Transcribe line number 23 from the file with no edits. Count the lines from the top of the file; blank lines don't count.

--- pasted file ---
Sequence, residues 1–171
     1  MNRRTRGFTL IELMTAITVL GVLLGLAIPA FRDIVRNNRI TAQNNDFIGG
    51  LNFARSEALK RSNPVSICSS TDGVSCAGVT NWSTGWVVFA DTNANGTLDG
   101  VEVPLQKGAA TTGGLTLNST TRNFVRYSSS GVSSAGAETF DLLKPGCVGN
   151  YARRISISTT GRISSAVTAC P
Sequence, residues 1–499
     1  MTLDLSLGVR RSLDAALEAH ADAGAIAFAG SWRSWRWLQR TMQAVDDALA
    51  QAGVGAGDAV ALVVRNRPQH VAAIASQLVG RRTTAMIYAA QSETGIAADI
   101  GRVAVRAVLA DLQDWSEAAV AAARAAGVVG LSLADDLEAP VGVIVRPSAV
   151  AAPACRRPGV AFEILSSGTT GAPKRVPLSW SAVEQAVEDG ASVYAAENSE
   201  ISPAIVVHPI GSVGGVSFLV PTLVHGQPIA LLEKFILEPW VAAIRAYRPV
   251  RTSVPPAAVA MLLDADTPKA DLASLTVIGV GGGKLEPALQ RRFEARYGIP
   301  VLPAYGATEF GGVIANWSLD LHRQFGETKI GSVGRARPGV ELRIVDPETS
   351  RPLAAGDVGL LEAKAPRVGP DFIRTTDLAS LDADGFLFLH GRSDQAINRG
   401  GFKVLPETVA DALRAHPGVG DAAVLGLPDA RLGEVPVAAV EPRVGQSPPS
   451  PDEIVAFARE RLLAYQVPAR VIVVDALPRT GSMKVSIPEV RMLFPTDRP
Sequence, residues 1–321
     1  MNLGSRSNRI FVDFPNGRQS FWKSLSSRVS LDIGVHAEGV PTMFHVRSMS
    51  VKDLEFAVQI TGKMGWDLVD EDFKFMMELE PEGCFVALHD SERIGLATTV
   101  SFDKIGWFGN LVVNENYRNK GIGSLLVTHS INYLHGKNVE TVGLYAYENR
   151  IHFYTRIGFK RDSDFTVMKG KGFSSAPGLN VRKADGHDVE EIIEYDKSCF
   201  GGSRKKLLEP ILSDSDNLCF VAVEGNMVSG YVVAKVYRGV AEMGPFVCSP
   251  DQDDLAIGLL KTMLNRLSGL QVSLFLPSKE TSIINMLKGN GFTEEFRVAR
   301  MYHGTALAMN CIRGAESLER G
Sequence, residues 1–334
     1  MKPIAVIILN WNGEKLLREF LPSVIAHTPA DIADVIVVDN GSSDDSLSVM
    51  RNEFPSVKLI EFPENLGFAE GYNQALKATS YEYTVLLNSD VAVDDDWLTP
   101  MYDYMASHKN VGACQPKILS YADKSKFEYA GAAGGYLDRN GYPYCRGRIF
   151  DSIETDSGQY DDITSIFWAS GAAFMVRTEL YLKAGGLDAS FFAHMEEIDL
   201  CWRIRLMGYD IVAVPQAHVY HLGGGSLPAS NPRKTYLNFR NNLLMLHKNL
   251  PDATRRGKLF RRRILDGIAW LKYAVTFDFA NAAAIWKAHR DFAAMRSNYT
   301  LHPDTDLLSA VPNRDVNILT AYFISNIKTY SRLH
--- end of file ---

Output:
   251  DQDDLAIGLL KTMLNRLSGL QVSLFLPSKE TSIINMLKGN GFTEEFRVAR